This struggle comes into the spotlight when Digg starts making decisions for its users, like removing an AACS code story after a cease & desist letter. The trouble of the matter is that Digg Inc has always given its community the necessary tools for self-governance; thus getting users to become personally involved with the service. The users invested in the service means that, following Zittrain’s arguments, they feel ‘part-owner’ of the platform they helped shape. When major decisions are made without involving the community it’s therefore logical they become upset and revolt, to balance the power relation once more.


In the weekly scheduled meeting discussing contributions to the Masters of Media (MoM) blog it was noted that this article contains mainly law & social theory and that the addition of a humanities point of view would be a welcome one. Since the text above is mainly about the influence of control mechanisms on content creation, it makes sense to extend this all with some Surveillance & Control perspectives.

First off, it seems to me that the implicit transition Zittrain bargains for (from strict ‘top down’ control to open ‘bottom up’ regulation) is a lot like the transition from the kind of disciplinary societies that Foucault identifies to the control society Deleuze sees taking place. Going with this analogy for a moment we can easily see the similarity in that both find that top-down control is losing it’s advantages or at the very least is being replaced by a more complex and efficient system.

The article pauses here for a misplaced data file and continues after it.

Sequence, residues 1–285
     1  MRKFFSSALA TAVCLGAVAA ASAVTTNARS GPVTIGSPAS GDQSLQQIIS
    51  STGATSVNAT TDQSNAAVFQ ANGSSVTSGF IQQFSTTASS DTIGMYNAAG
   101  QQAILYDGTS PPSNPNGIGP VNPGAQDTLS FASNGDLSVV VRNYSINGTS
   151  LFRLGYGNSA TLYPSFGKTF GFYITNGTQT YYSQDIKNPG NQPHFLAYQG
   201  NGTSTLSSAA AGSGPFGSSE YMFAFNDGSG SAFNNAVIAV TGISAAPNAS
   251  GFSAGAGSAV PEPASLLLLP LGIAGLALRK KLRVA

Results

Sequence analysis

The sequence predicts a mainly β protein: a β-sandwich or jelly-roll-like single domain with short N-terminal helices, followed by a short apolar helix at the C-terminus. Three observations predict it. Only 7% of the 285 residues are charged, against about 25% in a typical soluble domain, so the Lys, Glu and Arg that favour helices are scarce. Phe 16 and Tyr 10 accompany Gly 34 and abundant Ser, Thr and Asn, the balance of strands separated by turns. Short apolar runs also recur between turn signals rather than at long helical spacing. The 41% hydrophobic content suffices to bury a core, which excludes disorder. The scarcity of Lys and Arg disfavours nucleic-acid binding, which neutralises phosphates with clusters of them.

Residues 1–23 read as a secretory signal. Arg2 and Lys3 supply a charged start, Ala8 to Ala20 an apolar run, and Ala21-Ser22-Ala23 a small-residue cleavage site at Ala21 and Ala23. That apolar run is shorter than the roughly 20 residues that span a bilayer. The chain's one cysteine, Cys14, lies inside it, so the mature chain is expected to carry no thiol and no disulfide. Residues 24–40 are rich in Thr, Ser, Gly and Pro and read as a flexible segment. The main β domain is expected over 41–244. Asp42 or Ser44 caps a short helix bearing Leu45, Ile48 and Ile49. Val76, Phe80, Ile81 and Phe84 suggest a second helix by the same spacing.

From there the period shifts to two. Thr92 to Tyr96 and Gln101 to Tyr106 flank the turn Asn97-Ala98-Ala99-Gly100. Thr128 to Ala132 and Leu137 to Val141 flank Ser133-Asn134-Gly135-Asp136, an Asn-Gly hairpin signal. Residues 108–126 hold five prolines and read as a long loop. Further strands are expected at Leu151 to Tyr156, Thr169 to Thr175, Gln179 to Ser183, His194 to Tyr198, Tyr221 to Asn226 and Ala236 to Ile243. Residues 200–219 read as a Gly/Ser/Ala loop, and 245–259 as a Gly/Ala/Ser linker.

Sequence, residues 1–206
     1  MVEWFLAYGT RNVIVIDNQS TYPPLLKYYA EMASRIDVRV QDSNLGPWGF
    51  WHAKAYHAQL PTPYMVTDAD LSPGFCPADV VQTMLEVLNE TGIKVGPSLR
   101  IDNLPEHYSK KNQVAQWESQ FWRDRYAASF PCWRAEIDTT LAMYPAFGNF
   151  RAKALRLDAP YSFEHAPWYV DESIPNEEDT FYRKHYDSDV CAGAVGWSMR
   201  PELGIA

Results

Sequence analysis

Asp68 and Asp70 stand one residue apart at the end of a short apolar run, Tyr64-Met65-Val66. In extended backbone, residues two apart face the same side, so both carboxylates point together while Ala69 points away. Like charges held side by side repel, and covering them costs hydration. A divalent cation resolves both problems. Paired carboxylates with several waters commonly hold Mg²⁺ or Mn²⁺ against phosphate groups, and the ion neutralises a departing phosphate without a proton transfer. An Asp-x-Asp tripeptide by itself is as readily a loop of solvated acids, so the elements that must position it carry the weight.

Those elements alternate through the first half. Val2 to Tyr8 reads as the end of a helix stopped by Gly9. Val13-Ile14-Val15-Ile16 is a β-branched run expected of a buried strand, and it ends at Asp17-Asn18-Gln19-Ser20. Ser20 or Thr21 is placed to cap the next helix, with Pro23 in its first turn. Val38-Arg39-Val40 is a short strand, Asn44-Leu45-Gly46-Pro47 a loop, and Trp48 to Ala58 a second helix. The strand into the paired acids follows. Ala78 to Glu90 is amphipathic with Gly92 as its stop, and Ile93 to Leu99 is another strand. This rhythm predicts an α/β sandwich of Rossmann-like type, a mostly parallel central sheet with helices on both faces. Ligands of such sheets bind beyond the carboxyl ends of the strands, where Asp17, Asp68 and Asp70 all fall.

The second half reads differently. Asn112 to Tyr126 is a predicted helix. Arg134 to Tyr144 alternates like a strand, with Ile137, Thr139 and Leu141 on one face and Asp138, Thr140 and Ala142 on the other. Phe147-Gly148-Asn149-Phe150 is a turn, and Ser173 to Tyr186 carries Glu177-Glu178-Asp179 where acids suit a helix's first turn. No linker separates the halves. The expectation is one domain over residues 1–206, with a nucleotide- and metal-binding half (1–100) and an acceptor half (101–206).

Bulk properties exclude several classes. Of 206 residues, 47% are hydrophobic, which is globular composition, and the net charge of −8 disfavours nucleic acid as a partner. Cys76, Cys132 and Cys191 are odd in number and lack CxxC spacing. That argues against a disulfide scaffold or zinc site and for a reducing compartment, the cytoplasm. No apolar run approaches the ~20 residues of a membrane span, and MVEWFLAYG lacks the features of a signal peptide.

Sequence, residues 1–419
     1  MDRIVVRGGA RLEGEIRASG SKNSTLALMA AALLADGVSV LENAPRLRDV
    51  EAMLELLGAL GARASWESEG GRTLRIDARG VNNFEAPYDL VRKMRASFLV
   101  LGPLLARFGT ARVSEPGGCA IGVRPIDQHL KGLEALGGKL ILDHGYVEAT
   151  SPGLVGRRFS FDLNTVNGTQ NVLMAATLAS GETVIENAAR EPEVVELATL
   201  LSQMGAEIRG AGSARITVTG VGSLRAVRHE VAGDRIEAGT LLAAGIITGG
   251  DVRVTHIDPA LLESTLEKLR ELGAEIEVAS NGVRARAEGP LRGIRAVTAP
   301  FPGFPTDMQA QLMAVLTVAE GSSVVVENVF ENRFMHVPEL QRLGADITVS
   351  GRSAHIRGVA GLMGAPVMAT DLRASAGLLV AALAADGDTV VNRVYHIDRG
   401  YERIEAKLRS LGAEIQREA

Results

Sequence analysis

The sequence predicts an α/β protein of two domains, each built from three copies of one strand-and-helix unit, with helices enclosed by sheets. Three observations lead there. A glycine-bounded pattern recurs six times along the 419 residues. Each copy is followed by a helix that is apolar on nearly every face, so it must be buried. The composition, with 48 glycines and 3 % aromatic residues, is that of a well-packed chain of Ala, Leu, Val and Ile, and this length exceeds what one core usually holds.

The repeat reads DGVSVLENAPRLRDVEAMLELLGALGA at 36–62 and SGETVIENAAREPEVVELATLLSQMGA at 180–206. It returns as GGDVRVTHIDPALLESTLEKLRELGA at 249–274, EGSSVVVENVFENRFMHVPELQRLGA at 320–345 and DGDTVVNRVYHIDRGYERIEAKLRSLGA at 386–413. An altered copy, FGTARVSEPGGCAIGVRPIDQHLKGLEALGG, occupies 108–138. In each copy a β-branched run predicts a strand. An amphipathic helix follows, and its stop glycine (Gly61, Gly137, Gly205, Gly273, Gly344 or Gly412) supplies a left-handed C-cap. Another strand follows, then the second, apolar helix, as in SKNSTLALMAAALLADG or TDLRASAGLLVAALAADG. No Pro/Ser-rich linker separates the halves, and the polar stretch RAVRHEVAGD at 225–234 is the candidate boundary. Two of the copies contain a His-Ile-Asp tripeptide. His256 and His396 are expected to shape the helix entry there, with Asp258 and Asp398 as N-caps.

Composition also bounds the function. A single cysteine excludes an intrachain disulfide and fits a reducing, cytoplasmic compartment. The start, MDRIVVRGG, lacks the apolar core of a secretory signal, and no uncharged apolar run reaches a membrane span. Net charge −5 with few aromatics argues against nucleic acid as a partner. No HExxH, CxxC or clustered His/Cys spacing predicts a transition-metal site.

This leaves the important distinction between control enforced by human actors and control that is enforced by systems, in this case mainly software. With the notably exception of the AACS keys, I arguably find that in Digg it is mostly the system itself that enforces control and enables actions. One could say that it is modulating user behavior to a certain extends and thus bares a lot of resemblance to the way control mechanisms work in Deleuze’s control society.

Deleuze reminds us that the control society is not necessarily something to fear but that we simply need to find new weapons to fight with. I think that ‘hacking the system’ is the most effective new weapon one has to rebel. If we view Digg as a system within a control society we see that the AACS case is an effective way of ‘hacking the system’ by (in this case) massively floading the system with the forbidden information as a form of civil protest. Though in this case the system was used in a legitimate way (publishing links to interesting stories), it was obviously not mend to be bombarded with short messages of discontent causing the servers to crash. Ironically, the users use the system to fight against the system…